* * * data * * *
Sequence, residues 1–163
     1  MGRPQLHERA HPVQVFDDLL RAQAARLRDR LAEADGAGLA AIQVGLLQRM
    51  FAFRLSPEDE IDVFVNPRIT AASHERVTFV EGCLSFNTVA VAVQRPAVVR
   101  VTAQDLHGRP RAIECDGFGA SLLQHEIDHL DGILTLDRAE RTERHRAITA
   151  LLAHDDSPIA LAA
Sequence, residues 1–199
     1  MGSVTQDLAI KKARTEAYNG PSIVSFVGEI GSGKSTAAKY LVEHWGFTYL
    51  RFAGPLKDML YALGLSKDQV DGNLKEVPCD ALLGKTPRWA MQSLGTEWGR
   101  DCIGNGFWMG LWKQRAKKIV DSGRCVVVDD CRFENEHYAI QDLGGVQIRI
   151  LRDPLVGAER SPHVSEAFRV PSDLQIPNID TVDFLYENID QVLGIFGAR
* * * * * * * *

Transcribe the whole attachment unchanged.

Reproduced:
Sequence, residues 1–163
     1  MGRPQLHERA HPVQVFDDLL RAQAARLRDR LAEADGAGLA AIQVGLLQRM
    51  FAFRLSPEDE IDVFVNPRIT AASHERVTFV EGCLSFNTVA VAVQRPAVVR
   101  VTAQDLHGRP RAIECDGFGA SLLQHEIDHL DGILTLDRAE RTERHRAITA
   151  LLAHDDSPIA LAA
Sequence, residues 1–199
     1  MGSVTQDLAI KKARTEAYNG PSIVSFVGEI GSGKSTAAKY LVEHWGFTYL
    51  RFAGPLKDML YALGLSKDQV DGNLKEVPCD ALLGKTPRWA MQSLGTEWGR
   101  DCIGNGFWMG LWKQRAKKIV DSGRCVVVDD CRFENEHYAI QDLGGVQIRI
   151  LRDPLVGAER SPHVSEAFRV PSDLQIPNID TVDFLYENID QVLGIFGAR